info(kind, fd=fd)
str = info
SA = info(kind)

Description

info displays the language version. With an output argument, the language version is given as a string.

info builtin displays the list of built-in functions with their module name (modules are subsets of built-in functions). A letter u is displayed after each untrusted function (functions which cannot be executed in the sandbox). With an output argument, info('builtin') gives a structure array which describes each built-in function, with the following fields:

FieldDescription
namefunction name
modulemodule name
trustedtrue if the function is trusted

info operators displays the list of operators. With an output argument, info('operators') gives a list of structures, like info('builtin').

info functions displays the list of user-defined functions with the library where they are defined and the line number in the source code. Parenthesis denote functions known by LME, but not loaded; they also indicate spelling errors in function or variable names. With an output argument, info('functions') gives a structure array which describes each user-defined function, with the following fields:

FieldDescription
librarylibrary name
namefunction name
loadedtrue if loaded
lineline number if available, or []

info methods displays the list of methods. With an output argument, info('methods') gives a structure array which describes each method, with the following fields:

FieldDescription
librarylibrary name
classclass name
namefunction name
loadedtrue if loaded
lineline number if available, or []

info variables displays the list of variables with their type and size. With an output argument, info('variables') gives a structure array which describes each variable, with the following fields:

FieldDescription
namefunction name
definedtrue if defined

info global displays the list of all global variables. With an output argument, info('global') gives the list of the global variable names.

info persistent displays the list of all persistent variables. With an output argument, info('persistent') gives the list of the persistent variable names.

info libraries displays the list of all loaded libraries with the libraries they have loaded with use. The base context in which direct commands are evaluated is displayed as (base); it is not an actual library and contains no function definition. With an output argument, info('libraries') gives a structure array with the following fields:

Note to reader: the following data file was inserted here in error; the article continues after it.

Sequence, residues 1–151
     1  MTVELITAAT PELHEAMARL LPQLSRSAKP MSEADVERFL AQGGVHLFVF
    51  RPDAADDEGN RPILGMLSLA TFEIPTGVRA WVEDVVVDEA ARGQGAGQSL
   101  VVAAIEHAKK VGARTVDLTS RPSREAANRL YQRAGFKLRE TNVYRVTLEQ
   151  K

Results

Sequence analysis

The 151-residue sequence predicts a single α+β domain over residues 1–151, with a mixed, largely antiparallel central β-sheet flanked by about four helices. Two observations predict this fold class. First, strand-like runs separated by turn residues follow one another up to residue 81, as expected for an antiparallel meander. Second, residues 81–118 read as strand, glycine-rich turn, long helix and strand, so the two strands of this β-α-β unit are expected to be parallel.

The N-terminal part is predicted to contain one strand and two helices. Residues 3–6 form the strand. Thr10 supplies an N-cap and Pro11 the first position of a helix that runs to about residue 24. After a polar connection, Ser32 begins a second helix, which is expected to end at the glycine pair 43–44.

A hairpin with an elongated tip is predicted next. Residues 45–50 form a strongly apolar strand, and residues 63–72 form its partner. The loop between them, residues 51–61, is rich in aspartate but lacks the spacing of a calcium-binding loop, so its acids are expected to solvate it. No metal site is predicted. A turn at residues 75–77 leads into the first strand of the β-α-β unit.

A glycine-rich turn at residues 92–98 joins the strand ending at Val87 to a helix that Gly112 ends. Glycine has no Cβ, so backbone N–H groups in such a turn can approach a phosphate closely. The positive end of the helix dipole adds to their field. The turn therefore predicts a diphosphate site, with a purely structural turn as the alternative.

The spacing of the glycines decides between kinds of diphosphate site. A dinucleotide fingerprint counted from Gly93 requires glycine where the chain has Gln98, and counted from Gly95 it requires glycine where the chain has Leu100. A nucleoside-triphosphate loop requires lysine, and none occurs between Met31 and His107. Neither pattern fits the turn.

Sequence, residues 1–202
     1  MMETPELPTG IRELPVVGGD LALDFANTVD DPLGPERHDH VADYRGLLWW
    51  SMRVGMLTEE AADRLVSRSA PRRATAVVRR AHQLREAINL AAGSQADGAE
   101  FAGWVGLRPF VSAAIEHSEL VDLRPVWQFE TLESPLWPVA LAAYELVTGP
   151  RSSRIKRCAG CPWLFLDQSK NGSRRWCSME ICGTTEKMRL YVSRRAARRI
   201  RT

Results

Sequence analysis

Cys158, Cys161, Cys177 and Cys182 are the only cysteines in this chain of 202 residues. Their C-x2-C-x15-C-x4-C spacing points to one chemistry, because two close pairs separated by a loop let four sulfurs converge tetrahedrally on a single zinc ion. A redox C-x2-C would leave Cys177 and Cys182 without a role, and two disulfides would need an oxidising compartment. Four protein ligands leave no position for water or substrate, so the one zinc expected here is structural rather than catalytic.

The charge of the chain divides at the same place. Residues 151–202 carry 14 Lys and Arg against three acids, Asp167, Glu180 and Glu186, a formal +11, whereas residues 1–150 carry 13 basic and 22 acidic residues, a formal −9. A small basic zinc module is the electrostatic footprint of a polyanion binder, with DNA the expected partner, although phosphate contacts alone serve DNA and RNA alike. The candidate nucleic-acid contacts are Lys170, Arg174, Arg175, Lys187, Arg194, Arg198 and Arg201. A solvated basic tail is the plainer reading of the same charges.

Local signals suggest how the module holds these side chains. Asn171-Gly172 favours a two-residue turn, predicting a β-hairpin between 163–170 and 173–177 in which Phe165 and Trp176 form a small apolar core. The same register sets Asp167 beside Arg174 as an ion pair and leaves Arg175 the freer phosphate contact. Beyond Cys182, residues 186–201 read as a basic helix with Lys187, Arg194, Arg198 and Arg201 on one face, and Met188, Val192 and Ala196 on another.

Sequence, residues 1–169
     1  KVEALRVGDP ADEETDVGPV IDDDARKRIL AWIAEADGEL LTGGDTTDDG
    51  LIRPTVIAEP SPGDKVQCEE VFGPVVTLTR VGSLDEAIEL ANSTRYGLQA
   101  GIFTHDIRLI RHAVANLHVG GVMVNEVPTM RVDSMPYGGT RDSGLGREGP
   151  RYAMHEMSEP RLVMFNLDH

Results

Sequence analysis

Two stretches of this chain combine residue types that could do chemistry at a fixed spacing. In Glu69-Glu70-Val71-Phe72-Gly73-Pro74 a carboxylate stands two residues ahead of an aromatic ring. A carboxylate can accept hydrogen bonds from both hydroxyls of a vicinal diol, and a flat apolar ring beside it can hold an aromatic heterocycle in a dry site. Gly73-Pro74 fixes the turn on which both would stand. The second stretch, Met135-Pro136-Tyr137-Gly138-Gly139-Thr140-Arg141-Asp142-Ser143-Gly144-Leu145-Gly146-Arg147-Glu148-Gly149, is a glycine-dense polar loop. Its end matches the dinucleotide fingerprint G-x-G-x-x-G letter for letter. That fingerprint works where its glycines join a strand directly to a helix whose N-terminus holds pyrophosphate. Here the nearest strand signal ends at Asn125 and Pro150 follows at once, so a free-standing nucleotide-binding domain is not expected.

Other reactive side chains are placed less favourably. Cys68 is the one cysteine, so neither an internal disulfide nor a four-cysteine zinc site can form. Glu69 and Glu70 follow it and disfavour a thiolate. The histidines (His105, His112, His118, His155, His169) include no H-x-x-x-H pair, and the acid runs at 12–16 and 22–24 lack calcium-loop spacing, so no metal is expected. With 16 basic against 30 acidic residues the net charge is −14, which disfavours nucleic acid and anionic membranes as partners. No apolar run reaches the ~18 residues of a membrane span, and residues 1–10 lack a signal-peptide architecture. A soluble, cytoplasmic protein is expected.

FieldDescription
librarylibrary name, or '(base)'
sublibrarieslist of sublibraries

info usedlibraries displays the list of libraries available in the current context. With an output argument, info('usedlibraries') gives the list of the names of these libraries.

info errors displays the list of error messages. With an output argument, info('errors') gives a structure array which describes each error message, with the following fields:

FieldDescription
iderror ID
msgerror message

info size displays the size in bytes of integer numbers (as used for indices and most internal computations), double numbers, single numbers, and pointers; the byte ordering in multibyte values (little-endian if the least-significant byte comes first, else big-endian), and whether arrays are stores column-wise or row-wise. With an output argument, info('size') gives them in a structure of six fields:

FieldDescription
intinteger size
doubledouble size
singlesingle size (or 0)
ptrpointer size
betrue if big-endian
columnwisetrue for column-wise array layout

info threads displays the ID of all threads. With an output argument, info('threads') gives a structure array which describes each thread, with the following fields:

FieldDescription
idthread ID
totaltimeexecution time in seconds

Only the first character of the argument is meaningful; info b is equivalent to info builtin.

A named argument fd can specify the output channel; in that case, the command syntax cannot be used.

Examples

info
  LME 5.2
info s
  int: 4 bytes
  double: 8 bytes
  ptr: 4 bytes
  little endian
  array layout: row-wise
info b
  LME/abs
  LME/acos
  LME/acosh
  (etc.)
info v
  ans (1x1 complex)
vars = info('v')
  var =
    2x1 struct array (2 fields)

List of variables displayed on channel 2 (standard error channel):

info('v', fd=2)

Library hierarchy in the command-line interface:

use lti
info l
  (base): _cli, lti
  _cli: lti
  lti: polynom
  polynom

The meaning is as follows: (base) is the context where commands are evaluated; functions defined from the command-line interface, stored in _cli, and in lti can be called from there. Functions defined from the command-line interface also have access to the definitions of lti. Library lti uses library polynom, but functions defined in polynom cannot be called directly from commands (polynom does not appear as a sublibrary of (base) or _cli). Finally, library polynom does not import a sublibrary itself.